Crisis could open door for Yemen's Islamists

Crisis could open door for Yemen's Islamists

by Brian Whitaker

Originally published in The Guardian, 11 October 1993

BARELY six months after Yemen's first multi-party elections, the country is in the throes of political crisis. The vice-president is on strike and, if a constitutional tangle cannot be resolved this week, Yemen could find itself without a president. That would leave the leader of the minority Islamist party as acting head of state.

The term of office of Yemen's five-member presidential council expires on Thursday. Under the constitution, parliament should elect a new council, which in turn should choose a new president. Parliament is due to begin this process today, but electing a new council may prove impossible.

Since the general election last April, Yemen has had a hung parliament and a three-party coalition government. The largest party is the General People's Congress (GPC) - headed by President Ali Abdullah Salih - which formerly ruled North Yemen. It is followed some way behind by the Islah (Reform) party which seeks stricter implementation of Islamic law, and the Yemen Socialist Party which ruled South Yemen before unification.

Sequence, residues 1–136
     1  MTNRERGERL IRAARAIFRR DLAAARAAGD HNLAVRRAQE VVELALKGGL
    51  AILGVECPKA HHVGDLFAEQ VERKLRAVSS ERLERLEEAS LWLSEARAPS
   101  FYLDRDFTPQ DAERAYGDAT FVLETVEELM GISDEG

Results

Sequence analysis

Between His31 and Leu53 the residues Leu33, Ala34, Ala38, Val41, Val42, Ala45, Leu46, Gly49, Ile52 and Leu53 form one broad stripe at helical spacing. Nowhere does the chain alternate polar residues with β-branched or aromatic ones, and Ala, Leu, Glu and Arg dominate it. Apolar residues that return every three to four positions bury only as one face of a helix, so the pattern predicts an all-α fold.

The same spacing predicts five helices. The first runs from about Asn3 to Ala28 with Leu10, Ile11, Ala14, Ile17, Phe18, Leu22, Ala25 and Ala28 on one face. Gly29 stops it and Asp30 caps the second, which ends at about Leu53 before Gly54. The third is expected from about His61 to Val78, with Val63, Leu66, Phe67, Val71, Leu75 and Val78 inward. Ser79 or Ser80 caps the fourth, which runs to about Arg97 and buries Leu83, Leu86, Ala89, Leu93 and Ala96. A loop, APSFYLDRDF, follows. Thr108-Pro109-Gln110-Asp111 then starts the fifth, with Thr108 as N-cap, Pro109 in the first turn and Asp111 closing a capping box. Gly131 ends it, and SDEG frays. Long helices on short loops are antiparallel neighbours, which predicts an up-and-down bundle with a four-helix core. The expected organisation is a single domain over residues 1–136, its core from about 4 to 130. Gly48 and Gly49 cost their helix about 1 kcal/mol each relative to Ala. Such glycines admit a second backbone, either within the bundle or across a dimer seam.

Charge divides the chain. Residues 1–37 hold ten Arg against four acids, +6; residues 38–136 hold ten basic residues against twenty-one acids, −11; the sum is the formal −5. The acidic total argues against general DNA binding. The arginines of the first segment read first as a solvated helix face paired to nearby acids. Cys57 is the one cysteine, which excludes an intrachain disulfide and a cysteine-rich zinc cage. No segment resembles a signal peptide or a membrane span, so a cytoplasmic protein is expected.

The GPC is the only party that can be sure of the 25 per cent of votes needed to nominate candidates for the presidential council. But it cannot be sure of enough votes to get its nominees elected.

This means that Yemen could find itself without a presidential council or a president. According to the constitution, power would fall to the speaker, Sheikh Hussein Abdullah al-Ahmar, paramount chief of the Hashid tribal confederacy and leader of Islah.

A takeover by Islah would be anathema to the Socialist Party, which includes strong secular and modernising elements: it might even provoke calls for southern Yemen to secede.

Meanwhile Ali Salim al-Baid, leader of the Socialist Party's and Yemen's vice-president, who has been quarreling on-and-off with President Salih for years, stormed out of the capital on August 19, issuing an 18-point list of demands from his southern stronghold of Aden.

The crisis has aroused anxiety in other Arab states: King Hussein of Jordan and Sultan Qabus of Oman are involved in reconciliation efforts. The Saudis, on the other hand, have made no secret of their hopes that Yemen's experiment in democracy will fail.